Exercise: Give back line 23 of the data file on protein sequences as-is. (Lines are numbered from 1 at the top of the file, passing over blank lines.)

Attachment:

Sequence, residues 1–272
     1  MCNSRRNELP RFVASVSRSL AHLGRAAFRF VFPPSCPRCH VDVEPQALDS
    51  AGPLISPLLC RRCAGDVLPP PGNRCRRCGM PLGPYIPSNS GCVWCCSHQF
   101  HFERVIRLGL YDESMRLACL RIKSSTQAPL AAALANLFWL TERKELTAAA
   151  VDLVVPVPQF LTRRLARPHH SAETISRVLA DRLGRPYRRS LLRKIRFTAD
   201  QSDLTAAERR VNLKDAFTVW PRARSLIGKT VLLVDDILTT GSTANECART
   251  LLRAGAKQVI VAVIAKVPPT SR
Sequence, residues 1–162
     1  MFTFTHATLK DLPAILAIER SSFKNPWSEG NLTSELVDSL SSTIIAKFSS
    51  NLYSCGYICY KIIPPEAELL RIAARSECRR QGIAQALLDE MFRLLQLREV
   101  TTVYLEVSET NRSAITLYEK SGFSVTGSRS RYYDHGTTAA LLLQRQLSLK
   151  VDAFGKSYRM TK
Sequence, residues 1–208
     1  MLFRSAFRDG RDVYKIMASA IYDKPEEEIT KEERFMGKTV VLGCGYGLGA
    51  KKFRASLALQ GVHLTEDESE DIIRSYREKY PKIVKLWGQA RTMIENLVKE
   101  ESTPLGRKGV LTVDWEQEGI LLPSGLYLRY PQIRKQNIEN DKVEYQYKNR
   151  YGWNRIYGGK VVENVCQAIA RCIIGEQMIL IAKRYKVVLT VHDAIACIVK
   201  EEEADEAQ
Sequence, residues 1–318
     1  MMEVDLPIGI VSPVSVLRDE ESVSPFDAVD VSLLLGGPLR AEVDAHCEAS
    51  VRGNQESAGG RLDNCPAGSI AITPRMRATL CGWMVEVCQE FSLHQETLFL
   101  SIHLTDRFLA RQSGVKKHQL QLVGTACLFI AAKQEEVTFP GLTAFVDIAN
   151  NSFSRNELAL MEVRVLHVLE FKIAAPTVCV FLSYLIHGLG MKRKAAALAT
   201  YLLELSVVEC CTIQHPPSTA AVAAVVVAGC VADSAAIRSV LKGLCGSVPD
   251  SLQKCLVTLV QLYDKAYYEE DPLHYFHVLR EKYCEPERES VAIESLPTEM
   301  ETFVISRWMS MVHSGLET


   151  NSFSRNELAL MEVRVLHVLE FKIAAPTVCV FLSYLIHGLG MKRKAAALAT